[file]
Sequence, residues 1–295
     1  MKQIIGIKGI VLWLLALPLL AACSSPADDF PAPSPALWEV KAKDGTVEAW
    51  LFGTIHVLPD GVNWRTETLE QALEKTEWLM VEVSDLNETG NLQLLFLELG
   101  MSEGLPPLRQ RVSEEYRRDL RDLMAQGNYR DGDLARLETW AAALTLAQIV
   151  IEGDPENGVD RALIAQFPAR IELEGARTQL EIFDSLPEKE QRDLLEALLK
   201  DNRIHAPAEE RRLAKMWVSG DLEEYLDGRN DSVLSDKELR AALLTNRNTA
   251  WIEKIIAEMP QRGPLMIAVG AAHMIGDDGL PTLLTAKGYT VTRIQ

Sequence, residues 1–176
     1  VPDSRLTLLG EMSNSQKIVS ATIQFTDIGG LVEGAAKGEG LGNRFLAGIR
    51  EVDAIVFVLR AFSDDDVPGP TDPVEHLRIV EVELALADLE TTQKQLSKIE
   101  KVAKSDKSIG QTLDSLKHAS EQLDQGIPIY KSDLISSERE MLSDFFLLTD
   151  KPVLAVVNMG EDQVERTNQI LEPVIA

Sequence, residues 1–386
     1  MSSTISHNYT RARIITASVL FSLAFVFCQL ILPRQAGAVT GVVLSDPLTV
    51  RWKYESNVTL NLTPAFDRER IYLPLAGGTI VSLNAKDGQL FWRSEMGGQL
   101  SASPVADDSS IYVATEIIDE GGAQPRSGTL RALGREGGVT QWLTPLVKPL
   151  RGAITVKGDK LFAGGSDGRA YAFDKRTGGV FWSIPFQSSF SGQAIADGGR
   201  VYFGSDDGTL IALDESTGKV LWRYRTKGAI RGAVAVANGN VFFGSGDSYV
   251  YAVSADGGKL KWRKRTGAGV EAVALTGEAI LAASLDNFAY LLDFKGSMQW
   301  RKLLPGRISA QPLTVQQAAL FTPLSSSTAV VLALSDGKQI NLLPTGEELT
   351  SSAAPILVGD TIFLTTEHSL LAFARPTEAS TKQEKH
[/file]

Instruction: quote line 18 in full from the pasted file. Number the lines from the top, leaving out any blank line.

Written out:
   201  VYFGSDDGTL IALDESTGKV LWRYRTKGAI RGAVAVANGN VFFGSGDSYV